N.S. woman frustrated after snowplow mishap leaves car badly damaged
The new year started off with a bang for one Halifax-area woman when a snowplow badly damaged her car on New Year’s Day.
The private contractor working for the Halifax Regional Municipality apparently misjudged the width of the road he was salting and clipped two vehicles parked on Kate Haley’s street.
The winter parking ban was not in effect at the time.
“My neighbour Sean was inside and they had just gotten home and he heard a ‘pop,’ which was his mirror on his truck popped off, and he looked out and my car was up in the air on the snowplow,” says the 24-year-old hairstylist.
Her neighbour’s truck lost a side mirror, but Haley’s 2011 Volkswagen took the brunt of the damage, with a smashed window and a shopping list of dents and scrapes.
“Big crack on the panel, and then giant scraping all the way to the back,” she says.
Haley’s neighbours chased the truck down the street before it could leave the area.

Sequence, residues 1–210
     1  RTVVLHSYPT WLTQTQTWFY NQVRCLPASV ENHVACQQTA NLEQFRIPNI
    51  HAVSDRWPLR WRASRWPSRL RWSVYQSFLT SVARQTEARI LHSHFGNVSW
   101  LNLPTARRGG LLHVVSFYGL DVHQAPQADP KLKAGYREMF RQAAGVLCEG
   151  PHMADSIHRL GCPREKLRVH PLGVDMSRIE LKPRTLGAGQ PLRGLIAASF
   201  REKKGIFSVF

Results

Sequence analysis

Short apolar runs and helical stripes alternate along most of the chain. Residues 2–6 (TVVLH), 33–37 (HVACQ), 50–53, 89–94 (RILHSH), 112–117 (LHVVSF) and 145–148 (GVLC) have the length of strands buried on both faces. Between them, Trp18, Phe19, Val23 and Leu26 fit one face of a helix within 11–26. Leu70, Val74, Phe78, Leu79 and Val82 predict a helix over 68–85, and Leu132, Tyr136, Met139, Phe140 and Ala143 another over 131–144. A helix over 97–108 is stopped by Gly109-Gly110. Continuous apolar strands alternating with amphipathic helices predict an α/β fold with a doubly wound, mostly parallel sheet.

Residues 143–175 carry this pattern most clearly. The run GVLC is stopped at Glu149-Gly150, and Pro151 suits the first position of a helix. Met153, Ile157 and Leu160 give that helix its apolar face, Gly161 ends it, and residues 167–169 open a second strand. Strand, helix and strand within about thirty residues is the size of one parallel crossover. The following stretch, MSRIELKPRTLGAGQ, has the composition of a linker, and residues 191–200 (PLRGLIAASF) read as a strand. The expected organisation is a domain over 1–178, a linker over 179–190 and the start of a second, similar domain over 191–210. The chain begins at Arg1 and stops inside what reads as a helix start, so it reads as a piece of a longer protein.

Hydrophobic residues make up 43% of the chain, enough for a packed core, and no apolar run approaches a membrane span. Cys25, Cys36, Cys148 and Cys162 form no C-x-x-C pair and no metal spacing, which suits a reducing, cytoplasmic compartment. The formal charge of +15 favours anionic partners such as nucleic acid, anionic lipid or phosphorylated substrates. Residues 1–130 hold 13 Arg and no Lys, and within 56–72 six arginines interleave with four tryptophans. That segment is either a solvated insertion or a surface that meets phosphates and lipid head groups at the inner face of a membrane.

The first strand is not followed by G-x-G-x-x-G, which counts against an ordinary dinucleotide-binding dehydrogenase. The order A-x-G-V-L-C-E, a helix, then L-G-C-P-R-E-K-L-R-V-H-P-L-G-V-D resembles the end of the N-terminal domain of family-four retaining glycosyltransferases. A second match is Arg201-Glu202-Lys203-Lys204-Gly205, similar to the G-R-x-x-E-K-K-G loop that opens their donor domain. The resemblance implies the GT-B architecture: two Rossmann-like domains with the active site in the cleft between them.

“I asked him how his evening was going,” says Haley’s father, John Tupper. “He said ‘not bad, not bad, could have been better,19 years without an accident; should have made it to 20.’”
The city says the incident is regrettable, but out of its hands.
“These sorts of incidents are considered vehicle-on-vehicle collisions, so they’re covered under the Insurance Act,” says city spokesperson Jennifer Stairs.
Those changes, made in 2013, allow insurance companies to deal with each other directly. In this case, the private contractor’s insurance company will deal with Haley’s insurance company.
However, an adjuster still hasn’t been out to look at her car, leaving Haley, who celebrates a birthday this week, borrowing vehicles and seeking rides with friends and family.
She says her birthday wish is simple this year.
“Hopefully by getting a rental so I can actually get somewhere.”
As for mishaps involving municipal vehicles, the city says it always takes responsibility for those incidents. It sets aside about $100,000 each year to pay for broken fences, walls and other personal property that is damaged when plows and trucks are clearing roads and sidewalks.
With files from CTV Atlantic's Bruce Frisko